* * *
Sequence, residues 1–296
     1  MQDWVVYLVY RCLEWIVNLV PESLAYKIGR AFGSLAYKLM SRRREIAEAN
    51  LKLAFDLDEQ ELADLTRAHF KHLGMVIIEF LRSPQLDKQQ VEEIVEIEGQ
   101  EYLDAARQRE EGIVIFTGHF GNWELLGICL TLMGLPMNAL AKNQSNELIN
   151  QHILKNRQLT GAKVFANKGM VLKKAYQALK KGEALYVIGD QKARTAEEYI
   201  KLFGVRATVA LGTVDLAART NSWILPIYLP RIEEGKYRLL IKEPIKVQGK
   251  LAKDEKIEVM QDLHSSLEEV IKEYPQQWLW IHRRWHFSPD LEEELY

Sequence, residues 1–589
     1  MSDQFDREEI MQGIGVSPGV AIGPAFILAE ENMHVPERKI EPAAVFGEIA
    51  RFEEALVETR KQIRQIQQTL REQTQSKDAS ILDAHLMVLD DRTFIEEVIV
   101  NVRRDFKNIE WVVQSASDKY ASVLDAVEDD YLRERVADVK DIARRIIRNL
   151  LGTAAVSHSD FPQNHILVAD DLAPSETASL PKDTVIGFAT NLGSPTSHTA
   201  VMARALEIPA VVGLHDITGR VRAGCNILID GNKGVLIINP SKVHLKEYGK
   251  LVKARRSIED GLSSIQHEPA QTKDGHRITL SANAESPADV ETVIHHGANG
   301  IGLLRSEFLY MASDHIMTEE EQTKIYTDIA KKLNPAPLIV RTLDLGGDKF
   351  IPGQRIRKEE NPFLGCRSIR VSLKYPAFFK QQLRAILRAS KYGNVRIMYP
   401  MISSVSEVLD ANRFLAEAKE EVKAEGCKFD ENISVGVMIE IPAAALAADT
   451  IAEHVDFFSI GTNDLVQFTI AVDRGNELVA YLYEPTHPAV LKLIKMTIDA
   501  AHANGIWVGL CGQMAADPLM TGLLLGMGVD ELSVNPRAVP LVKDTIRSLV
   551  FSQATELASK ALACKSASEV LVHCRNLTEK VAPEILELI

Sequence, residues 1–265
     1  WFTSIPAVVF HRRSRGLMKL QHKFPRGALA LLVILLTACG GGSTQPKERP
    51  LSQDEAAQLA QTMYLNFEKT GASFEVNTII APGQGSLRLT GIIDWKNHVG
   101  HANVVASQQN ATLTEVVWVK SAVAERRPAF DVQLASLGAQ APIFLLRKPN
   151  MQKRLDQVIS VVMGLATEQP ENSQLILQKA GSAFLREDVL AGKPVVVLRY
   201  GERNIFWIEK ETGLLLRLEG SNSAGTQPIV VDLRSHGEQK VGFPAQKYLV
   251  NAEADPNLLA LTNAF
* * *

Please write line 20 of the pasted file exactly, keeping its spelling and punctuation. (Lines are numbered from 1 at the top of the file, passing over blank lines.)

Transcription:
   551  FSQATELASK ALACKSASEV LVHCRNLTEK VAPEILELI